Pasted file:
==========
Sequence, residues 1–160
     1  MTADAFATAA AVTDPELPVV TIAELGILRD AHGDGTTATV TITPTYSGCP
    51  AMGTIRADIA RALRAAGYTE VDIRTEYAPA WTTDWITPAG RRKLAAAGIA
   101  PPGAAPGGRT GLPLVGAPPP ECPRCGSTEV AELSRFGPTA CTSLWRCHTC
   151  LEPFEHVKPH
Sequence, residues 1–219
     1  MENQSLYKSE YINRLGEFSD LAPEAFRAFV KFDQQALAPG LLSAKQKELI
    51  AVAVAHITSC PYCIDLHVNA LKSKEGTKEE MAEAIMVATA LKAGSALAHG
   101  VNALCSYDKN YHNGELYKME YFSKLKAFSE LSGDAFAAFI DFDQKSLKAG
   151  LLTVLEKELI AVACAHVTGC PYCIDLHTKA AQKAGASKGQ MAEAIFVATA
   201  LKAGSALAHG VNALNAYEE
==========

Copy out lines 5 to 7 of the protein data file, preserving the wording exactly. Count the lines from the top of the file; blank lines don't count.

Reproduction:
   151  LEPFEHVKPH
Sequence, residues 1–219
     1  MENQSLYKSE YINRLGEFSD LAPEAFRAFV KFDQQALAPG LLSAKQKELI